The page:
Evam Vadati Pustakam: Manuscripts Tell Their Stories

Evam Vadati Pustakam: Manuscripts Tell Their Stories

‘Evam Vadati Pustakam: Manuscripts Tell Their Stories’, an exhibition of a selection of digitised South Asian manuscripts from national and international repositories, was inaugurated on September 13 at the India International Centre (IIC) by S Jaishankar, Minister for External Affairs, at 6:30 pm.

The exhibits illustrate what manuscripts can tell audiences about their authors, the process of composition and the worlds of their readers. It traces the journeys of texts across languages and to different parts of Asia, as well as stories of how manuscripts were collected down the ages.

To be held until September 28 at IIC’s Art Gallery, Kamaladevi Complex, from 11 am to 7 pm daily, the exhibition forms a part of ‘SAMHiTA’ (Sanskrit for ‘compilation’ or ‘collection’) or ‘South Asian Manuscript Histories and Textual Archive’, an initiative of the IIC supported by the Ministry of External Affairs to create a database of South Asian manuscripts in institutions outside India.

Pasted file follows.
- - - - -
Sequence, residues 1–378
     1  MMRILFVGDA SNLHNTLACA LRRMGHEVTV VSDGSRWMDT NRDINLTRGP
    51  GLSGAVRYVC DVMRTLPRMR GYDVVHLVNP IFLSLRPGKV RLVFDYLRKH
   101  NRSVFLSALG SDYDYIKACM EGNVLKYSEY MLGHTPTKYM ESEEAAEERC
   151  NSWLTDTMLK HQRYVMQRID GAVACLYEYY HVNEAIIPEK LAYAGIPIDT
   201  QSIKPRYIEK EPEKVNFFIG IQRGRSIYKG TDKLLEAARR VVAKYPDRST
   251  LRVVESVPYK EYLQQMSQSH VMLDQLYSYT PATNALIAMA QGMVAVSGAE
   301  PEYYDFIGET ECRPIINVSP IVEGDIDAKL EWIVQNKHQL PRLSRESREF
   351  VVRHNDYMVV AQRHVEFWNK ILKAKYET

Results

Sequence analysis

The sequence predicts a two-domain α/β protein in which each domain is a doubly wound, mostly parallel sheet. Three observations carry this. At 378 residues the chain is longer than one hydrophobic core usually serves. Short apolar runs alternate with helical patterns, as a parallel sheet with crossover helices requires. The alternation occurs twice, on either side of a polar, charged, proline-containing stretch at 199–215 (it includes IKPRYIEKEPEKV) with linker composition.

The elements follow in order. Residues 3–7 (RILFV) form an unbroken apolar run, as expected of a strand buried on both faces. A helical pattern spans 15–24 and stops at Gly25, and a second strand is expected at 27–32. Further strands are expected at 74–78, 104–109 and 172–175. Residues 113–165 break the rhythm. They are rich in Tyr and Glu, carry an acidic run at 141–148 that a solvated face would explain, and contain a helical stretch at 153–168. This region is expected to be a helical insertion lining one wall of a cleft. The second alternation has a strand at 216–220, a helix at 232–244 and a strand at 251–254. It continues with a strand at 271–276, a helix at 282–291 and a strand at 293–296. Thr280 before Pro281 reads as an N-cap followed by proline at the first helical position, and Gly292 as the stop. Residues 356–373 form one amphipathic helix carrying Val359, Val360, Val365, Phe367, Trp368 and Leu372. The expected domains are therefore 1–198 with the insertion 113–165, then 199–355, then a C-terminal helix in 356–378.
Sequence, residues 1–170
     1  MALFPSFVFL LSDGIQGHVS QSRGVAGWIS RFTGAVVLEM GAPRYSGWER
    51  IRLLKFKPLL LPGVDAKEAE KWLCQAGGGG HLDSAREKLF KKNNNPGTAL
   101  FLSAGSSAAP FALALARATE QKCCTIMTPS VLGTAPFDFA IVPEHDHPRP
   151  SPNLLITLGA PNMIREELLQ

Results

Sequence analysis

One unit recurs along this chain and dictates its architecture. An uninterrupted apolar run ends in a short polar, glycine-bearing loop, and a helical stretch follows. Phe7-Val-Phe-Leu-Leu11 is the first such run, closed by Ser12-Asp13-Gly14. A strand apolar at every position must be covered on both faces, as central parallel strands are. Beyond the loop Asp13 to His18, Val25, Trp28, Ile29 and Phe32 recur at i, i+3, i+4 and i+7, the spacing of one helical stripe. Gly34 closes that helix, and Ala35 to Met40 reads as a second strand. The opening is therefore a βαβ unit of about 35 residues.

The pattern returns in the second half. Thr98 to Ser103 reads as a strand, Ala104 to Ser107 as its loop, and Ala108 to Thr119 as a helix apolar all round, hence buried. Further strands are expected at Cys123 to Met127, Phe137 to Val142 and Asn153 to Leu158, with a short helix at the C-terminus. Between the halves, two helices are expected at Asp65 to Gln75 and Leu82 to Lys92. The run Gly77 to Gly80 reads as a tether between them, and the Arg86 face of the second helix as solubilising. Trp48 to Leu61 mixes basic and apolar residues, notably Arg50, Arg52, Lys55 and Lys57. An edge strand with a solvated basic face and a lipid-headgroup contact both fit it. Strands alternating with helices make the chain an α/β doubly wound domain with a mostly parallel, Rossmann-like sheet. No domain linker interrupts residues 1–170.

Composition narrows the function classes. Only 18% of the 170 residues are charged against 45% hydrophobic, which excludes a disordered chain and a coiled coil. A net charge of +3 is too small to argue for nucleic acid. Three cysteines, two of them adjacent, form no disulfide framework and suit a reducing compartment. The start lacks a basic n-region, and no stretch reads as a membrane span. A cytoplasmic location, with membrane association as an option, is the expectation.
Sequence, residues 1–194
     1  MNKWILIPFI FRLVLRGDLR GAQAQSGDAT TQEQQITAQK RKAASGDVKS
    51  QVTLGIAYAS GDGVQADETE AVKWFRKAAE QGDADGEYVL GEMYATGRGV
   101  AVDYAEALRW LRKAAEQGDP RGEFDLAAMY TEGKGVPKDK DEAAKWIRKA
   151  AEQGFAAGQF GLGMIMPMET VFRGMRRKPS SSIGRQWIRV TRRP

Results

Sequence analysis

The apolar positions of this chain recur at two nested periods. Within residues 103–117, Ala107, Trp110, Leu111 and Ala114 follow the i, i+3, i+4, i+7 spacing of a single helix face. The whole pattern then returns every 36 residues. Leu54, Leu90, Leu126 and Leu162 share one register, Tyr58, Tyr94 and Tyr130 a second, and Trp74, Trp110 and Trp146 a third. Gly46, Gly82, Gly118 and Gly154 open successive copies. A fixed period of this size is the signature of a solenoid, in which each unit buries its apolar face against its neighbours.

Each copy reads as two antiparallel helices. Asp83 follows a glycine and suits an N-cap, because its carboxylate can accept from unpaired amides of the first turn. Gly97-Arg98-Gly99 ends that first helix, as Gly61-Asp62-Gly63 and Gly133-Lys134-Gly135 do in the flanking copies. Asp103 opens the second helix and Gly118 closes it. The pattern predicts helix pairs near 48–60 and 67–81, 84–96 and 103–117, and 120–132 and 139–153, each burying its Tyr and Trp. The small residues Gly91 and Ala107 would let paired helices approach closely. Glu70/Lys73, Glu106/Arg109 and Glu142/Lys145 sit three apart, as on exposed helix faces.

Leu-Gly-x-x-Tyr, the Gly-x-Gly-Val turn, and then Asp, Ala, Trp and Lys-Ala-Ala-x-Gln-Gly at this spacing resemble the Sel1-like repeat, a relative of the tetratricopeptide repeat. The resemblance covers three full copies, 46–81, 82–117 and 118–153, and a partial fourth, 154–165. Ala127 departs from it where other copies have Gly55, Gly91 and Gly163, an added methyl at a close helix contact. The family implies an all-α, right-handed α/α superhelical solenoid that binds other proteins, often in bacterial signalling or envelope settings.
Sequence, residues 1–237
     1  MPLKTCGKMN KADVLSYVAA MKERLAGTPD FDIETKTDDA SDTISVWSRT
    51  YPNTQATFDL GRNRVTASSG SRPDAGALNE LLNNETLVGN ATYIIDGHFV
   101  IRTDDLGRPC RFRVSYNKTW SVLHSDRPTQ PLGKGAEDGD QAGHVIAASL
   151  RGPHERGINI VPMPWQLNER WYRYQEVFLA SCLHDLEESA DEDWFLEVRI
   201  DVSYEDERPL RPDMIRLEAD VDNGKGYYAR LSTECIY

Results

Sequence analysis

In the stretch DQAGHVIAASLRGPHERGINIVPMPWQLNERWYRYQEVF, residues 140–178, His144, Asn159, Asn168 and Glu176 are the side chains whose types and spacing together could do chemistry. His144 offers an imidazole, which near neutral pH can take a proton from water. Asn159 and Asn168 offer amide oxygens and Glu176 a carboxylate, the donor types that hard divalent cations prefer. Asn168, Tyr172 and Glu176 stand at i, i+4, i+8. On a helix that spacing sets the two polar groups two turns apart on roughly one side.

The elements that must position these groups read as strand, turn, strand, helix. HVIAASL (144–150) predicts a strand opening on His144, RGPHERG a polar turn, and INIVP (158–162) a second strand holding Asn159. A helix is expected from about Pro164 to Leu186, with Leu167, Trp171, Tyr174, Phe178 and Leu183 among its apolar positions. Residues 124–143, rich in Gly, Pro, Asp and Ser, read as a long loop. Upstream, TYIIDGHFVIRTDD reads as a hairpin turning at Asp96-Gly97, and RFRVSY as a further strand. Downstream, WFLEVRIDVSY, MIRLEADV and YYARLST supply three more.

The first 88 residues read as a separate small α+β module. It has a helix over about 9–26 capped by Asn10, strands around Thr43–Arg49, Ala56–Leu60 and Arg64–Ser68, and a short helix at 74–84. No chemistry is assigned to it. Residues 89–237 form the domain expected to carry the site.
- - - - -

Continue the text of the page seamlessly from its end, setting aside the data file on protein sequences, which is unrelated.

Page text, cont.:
South Asia has been a melting pot of cultures and civilisations for centuries. The exchange of ideas and knowledge systems from as early as the 2nd–3rd centuries CE has been preserved in manuscripts crafted out of palm leaf, birch bark or handmade paper. These historical records show how texts connected different regions, linking disciplines and the processes of synthesis through which knowledge evolved. This is a heritage that represents a diverse literature that goes beyond what people view as separate disciplines today, such as medicine, mathematics, linguistic science and metaphysics.

Sometimes, manuscripts might be objects of veneration or serve as guides to practice, including the meditative contemplation of deities. There are theoretical treatises and practical manuals on applied sciences like architecture and agriculture and literature on aesthetic theory and the performing arts; biographies of rulers, ‘sants’ and Sufis; histories of individuals and dynasties; an array of imaginative literature; texts on games, on lovemaking and culinary matters including alcohol.

This exhibition is an ode to the artistry of the scribes, painters and binders who handcrafted these texts with great care; the patrons of authors and translators who facilitated the transmission of knowledge and made the texts more accessible and scholars who studied the manuscripts and restored legacies dispersed over time.

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